Mattis landed in the Afghan capital on Wednesday, alongside NATO chief Jens Stoltenberg, and was met with several rockets landing in and around the airport, local police reported.
There were no reports of casualties or damage after the attack, which was claimed by the Taliban.
The trip marks Mattis' first visit to the country since US President Donald Trump's pledge last month to win America's longest war.
His schedule will include a meeting with Afghan President Ashraf Ghani to discuss NATO's US-led "train and assist" mission, designed to strengthen Afghanistan's security forces.
"Discussions will focus on the NATO-Afghanistan partnership, including the ongoing NATO-led Resolute Support Mission in support of the Afghan National Defence and Security Forces," a statement on Resolute Support's Facebook page said on Wednesday.
Afghanistan has struggled to combat offensives by Taliban fighters in the country since the withdrawal of US-led NATO troops at the end of 2014.
US generals have labelled the war in Afghanistan, which will enter its 16th year in October, a" stalemate", despite the estimated $1 trillion the US has invested in fighting and reconstruction in the country.
The US is pressing NATO partners to increase their own troop levels in Afghanistan following US President Donald Trump's announcement in August that he was giving the Pentagon authority to ramp up the deployment of forces in the country.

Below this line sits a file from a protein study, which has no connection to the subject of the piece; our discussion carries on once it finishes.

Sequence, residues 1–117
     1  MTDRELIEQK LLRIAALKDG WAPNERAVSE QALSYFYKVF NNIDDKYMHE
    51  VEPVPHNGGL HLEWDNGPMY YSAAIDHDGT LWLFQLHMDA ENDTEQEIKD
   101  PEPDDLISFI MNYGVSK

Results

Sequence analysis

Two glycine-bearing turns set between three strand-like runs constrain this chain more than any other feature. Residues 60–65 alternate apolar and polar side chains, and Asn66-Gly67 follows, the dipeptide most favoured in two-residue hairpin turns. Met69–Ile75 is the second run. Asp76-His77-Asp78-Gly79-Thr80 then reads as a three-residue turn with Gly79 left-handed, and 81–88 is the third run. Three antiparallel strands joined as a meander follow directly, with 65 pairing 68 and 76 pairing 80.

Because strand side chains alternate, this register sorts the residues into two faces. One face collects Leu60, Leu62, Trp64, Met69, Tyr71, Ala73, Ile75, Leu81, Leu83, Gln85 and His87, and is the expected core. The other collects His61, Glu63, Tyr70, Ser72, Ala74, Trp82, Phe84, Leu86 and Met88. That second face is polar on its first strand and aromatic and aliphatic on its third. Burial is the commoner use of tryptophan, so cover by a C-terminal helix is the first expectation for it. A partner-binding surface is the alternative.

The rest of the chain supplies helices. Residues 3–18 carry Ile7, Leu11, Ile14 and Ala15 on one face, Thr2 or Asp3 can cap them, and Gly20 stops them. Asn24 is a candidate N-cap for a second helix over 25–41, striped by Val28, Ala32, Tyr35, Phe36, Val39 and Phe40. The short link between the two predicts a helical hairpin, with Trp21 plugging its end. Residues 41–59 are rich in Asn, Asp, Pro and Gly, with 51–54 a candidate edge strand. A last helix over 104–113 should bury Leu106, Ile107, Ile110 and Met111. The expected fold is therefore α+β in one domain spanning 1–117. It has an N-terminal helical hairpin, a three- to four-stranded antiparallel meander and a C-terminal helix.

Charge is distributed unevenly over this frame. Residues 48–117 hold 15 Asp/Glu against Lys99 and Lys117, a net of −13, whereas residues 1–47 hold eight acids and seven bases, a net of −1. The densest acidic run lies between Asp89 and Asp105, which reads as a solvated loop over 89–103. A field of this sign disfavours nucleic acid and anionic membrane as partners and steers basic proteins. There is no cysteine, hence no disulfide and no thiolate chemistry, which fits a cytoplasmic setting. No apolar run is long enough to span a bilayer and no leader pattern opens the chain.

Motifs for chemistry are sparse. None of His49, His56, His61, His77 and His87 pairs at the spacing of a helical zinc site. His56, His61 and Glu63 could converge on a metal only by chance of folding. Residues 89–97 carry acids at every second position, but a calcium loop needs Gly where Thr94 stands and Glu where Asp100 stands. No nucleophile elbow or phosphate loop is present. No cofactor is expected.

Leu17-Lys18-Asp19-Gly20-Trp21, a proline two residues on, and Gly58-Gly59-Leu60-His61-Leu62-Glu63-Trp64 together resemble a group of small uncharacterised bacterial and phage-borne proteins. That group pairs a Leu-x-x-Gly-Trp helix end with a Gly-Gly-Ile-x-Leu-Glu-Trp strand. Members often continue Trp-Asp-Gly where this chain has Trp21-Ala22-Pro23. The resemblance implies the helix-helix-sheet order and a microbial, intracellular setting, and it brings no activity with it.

Under Trump's plan, more than 3,000 troops will be added to the 11,000 US forces already on the ground in Afghanistan.
NATO allies have around 5,000 troops currently deployed around the country.
The Taliban have promised to turn Afghanistan into a "graveyard" for foreign forces and have frequently carried out deadly attacks in areas of the country they control.
As of February, about 60 percent of Afghanistan's 407 districts were reported to be under government control, according to the Special Inspector General for Afghanistan Reconstruction, a US watchdog agency.
Mattis arrived in Kabul following a visit to New Delhi, during which he met his Indian counterpart Nirmala Sitharaman who said India would not send troops to Afghanistan as part of Trump's plan.